• Report to the community on interagency efforts, results of a Safety & Accountability Audit, reinforce shared commitment, etc.
• Community education activities, such as awareness month
Whether it is a one-to-one meeting or a large group, the following elements help conduct meetings that further the work and goals of an interagency response to violence against women.
Define clear goals
Involve the right people
Establish a positive tone
Maximize the impact
Manage the agenda
Resources on making meetings as effective as they can be:
• Essential Skills in Coordinating Your Community Response to Battering: An E-Learning Course for CCR Coordinators
• Roles, Tasks, Responsibilities for CCR Coordinators, March 2017 webinar
• Leveraging Key Features of Rural Life to Benefit CCR Efforts, December 2014 webinar
• Increasing Your Program Capacity for System’s Change, October 2014 webinar
• The Crucial Role of Community-based Advocates in Rural CCRs, May 2014 webinar
• Three Key Skills for Successful Interagency Leadership, January 2014 webinar
• Rural Realities Blog, from the Sexual Violence Justice Institute @ Minnesota Coalition Against Sexual Assault has several entries regarding effective meetings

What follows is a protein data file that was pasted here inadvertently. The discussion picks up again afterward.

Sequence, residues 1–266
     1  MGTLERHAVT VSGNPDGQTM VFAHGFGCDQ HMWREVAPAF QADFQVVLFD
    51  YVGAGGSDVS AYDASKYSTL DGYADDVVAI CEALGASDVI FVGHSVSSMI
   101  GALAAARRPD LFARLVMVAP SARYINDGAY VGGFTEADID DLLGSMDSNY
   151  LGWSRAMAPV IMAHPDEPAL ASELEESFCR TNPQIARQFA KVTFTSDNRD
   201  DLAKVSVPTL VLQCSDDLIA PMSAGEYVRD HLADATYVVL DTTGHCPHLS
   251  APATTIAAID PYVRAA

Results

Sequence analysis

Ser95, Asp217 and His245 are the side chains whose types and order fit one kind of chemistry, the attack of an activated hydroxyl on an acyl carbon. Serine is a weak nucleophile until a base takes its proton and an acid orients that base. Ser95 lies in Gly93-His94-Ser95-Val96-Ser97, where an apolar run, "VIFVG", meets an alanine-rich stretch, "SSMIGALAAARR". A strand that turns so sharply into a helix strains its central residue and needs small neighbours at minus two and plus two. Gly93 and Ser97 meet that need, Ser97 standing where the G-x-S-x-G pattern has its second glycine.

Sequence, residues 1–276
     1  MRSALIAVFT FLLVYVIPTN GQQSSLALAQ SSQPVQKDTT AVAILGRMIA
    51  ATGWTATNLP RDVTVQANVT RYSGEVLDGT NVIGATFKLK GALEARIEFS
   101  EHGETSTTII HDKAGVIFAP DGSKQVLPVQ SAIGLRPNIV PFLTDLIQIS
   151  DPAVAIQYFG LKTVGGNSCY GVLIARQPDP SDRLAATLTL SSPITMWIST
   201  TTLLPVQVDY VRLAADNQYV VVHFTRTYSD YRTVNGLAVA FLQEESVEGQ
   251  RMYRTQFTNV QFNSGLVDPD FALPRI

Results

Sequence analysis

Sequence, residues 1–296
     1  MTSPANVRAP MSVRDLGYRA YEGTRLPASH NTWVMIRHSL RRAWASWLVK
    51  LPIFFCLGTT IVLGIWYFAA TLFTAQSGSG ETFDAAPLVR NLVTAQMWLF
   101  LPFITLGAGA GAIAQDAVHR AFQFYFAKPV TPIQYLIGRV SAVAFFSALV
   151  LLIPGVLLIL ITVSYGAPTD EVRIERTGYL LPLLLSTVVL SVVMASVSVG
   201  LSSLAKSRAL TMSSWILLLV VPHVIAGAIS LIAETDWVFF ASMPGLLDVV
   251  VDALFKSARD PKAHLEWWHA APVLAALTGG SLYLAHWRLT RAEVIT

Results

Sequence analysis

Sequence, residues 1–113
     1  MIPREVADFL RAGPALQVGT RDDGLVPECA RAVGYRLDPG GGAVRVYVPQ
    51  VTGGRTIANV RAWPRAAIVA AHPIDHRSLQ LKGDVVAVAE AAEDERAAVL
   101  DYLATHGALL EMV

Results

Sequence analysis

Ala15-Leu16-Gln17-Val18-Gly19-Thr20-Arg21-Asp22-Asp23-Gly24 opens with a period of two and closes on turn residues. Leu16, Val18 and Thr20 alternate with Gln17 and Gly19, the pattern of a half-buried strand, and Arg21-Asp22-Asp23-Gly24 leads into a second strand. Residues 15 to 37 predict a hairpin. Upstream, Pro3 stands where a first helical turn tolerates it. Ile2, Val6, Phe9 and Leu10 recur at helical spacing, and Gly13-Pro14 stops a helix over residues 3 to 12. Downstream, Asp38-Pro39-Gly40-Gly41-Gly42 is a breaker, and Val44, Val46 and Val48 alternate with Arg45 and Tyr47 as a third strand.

New Praxis Rural Resource and Upcoming Rural Webinar Training
Make the Call – A Toolkit on Implementing Advocacy-Initiated Response to Domestic Violence Crimes is a new web-based toolkit, developed by Praxis, that offers free, on-demand resource for advocacy programs to explore, adapt, and implement an Advocacy Initiated Response (AIR) model to connect victims of battering with community-based advocacy as soon as possible after law enforcement has responded to a domestic violence-related 911 call. The toolkit helps you learn about the model and explore key questions for advocacy programs exploring whether and how to implement AIR. You can review strategies for approaching law enforcement, listen to rural advocates talk about their experiences with AIR, and download the complete procedures manual for advocacy programs to implement AIR.